OBJECTIVES To assess the effectiveness of monochloramine for the control of Legionella colonization of two hospital water distribution systems (WDS) after using a combined control strategy for 1 year. METHODS In 2012, a sampling plan was implemented to assess Legionella contamination in two Sicilian hospitals’ WDS. The plan included the loops and one ward for each floor, reiterating the same sites every 4 months. High levels of L. pneumophila detected in the two hospitals led to the adoption of a combined control strategy: shock hyperchlorination, installation of point-of-use water filters in the most at risk wards and, in one hospital, continuous disinfection with H2O2. Due to the persistence of the contamination of the WDS, 3 experimental equipments continuously injecting monochloramine (Sanikill patented system, Sanipur Srl, Brescia, Italy) have been in place since February 2014. Legionella was isolated in accordance with ISO 11731. Serogrouping was performed by the agglutination Legionella latex test. Total Viable Count (TVC) at 22°C was isolated in accordance with ISO 6222. The total water hardness, pH, ORP, free chlorine, total chlorine, monochloramine, free ammonia, NO3-, NO2- were measured before the injection of the monochloramine (baseline) and every month for 6 months. Total THMs were measured at baseline and after 1, 3 and 6 months. RESULTS Between 2012 and 2013, in total 168 hot water samples were collected. Lp3 and Lp6 were isolated from 100% of the sampling points in the two hospitals (mean count from 103 to 105 CFU/L; TVC 22°C from >102 to >104 CFU/ml). Apart from the outlets with point-of-use filters, after each shock hyperchlorination or during continuous addition of H2O2 Legionella returned to the previous concentrations or remained stable, respectively. At the beginning of the disinfection with monochloramine, the disinfectant was injected at an average concentration of 3 mg/L for 30 days. Subsequently, the dosage was regulated within the range 2.0 – 2.5 mg/L. In the relatively new hospital, 1 week after the start of the monochloramination, the positive sample points decreased at 8% (Lp<103 CFU/L; TVC 0 UFC/ml). In the same hospital, however, as a consequence of a stop for around 15 days of the monochloramine generator device, Legionella was isolated in all the sampling sites (102-103 CFU/L). Anyway, all samples became negative as soon as the system got back to operation. No changes in water chemical parameters, included the production of disinfection by-products (DBP), were recorded. CONCLUSIONS Six-months application of monochloramine in the WDS of the two hospitals heavily contaminated by L. pneumophila gave satisfactory results both per se and compared with the other control contamination systems previously adopted. Continuous injection of monochloramine in hot WDS can control L. pneumophila and TVC in contaminated hospitals, without modifying water chemical composition and without releasing DBP.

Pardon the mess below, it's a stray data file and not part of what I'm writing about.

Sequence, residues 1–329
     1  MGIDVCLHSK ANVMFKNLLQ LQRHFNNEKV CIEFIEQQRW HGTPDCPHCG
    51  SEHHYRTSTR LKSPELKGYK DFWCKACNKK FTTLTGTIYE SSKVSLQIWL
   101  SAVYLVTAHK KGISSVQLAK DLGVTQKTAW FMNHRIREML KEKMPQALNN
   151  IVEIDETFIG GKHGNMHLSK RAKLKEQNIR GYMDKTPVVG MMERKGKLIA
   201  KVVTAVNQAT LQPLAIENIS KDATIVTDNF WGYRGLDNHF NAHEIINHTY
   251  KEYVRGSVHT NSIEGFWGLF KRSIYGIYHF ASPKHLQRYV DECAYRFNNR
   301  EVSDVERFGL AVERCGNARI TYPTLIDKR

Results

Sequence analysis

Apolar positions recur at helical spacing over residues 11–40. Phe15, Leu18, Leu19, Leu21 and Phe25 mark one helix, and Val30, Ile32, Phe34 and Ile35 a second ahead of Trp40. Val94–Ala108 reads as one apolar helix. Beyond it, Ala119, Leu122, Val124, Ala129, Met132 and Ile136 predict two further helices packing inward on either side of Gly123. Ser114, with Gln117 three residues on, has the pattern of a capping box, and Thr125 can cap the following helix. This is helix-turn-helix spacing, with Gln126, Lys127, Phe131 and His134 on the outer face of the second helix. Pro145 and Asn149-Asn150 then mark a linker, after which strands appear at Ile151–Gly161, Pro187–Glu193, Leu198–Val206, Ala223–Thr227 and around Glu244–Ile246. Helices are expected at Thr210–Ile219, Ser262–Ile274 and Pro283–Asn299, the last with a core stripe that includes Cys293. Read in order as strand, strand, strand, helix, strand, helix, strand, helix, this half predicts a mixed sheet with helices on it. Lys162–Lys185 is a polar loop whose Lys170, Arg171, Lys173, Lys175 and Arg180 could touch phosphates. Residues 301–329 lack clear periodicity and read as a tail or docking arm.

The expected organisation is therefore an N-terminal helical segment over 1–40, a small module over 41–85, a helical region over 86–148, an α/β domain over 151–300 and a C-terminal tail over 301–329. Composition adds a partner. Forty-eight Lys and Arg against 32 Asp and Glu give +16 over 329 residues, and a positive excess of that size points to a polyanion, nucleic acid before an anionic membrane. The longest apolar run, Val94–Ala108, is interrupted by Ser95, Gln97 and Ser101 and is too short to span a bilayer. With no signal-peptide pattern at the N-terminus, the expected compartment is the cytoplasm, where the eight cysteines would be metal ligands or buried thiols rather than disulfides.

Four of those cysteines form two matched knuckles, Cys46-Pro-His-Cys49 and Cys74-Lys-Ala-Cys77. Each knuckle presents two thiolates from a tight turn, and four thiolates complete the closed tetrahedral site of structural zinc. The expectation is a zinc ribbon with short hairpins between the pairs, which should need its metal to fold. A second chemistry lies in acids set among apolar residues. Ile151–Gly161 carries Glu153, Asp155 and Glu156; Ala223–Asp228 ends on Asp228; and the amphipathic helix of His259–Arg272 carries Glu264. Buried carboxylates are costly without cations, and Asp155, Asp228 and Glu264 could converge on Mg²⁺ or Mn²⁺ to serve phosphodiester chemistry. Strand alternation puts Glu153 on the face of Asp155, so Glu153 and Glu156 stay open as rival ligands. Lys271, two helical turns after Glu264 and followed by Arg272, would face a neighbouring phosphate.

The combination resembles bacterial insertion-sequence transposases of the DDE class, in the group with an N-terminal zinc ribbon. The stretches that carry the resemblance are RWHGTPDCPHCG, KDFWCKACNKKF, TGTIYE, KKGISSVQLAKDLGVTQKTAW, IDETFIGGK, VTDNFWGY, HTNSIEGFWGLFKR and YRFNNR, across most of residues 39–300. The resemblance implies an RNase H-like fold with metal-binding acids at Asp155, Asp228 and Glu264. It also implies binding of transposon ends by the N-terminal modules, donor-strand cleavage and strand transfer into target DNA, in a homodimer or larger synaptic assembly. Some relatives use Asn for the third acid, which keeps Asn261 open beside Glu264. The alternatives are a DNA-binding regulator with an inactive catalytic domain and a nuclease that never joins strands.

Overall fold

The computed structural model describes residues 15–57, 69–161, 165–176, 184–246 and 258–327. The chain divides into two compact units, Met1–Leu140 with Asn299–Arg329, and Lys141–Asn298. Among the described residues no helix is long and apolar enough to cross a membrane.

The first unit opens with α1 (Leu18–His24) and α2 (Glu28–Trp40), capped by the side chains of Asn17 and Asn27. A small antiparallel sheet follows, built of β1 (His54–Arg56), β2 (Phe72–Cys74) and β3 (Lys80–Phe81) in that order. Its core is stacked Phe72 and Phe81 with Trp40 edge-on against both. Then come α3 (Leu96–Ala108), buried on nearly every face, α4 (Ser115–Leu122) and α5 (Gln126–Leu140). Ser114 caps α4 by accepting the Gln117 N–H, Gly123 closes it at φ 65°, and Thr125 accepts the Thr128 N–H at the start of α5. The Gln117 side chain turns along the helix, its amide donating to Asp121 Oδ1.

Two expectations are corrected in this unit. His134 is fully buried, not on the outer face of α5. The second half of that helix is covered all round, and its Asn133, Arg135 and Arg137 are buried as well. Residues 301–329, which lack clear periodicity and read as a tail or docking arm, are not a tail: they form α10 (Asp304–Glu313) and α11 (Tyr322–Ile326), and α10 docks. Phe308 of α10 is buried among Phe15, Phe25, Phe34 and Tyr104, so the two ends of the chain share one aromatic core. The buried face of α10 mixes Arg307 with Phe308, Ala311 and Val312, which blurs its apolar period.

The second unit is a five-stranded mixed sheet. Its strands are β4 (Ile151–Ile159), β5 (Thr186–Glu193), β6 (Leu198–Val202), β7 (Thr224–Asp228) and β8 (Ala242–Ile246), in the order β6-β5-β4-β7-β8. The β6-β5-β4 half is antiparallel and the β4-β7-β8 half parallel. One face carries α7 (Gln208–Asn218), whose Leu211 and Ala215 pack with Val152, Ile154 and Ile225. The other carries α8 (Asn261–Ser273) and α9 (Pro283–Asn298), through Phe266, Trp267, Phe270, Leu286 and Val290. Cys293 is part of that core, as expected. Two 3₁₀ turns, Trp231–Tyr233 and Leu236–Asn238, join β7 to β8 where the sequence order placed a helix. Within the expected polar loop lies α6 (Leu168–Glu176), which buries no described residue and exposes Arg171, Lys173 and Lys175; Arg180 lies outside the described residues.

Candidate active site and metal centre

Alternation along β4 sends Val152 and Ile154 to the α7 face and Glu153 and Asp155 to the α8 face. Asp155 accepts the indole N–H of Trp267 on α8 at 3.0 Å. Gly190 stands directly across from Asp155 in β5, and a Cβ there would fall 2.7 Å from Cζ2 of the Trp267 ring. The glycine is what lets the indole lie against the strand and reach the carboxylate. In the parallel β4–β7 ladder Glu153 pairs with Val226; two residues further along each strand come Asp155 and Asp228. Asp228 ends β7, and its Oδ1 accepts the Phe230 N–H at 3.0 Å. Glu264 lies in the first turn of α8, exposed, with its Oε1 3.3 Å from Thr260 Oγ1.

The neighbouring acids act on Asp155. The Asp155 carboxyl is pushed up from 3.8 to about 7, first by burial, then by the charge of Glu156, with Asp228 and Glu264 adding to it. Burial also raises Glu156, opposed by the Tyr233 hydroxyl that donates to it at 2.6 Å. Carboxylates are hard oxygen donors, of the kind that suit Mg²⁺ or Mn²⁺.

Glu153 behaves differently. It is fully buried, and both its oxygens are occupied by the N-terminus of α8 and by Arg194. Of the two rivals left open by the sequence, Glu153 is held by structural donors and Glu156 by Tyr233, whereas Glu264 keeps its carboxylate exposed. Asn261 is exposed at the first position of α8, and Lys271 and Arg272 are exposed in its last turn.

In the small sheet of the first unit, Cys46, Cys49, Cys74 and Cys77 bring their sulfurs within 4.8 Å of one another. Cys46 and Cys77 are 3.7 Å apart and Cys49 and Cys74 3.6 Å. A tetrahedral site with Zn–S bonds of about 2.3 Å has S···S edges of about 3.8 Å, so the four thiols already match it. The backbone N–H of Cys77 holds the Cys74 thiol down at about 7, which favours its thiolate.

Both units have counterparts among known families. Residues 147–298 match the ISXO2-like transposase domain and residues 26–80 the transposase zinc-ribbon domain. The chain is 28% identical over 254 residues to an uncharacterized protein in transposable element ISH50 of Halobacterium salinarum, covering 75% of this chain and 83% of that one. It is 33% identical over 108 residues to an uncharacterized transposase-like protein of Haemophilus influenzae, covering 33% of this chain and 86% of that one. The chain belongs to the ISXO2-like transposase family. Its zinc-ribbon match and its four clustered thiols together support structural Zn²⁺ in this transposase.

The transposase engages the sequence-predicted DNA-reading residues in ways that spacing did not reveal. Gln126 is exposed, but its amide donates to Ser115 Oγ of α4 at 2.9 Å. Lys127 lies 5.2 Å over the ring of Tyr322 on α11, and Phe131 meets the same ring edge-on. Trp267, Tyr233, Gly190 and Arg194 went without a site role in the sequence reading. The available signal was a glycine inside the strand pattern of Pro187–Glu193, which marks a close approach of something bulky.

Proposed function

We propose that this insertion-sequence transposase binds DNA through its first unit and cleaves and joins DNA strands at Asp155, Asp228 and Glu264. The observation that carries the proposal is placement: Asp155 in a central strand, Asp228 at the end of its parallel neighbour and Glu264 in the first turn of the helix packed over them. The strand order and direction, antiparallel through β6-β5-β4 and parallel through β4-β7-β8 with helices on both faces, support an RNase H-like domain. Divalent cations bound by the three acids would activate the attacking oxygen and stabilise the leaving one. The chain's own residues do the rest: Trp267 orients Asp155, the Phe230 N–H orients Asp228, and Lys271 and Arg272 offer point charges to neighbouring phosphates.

Monochloramine for the control of Legionella contamination of domestic hot water systems of health-care facilities. A six months experience from Sicily (Italy).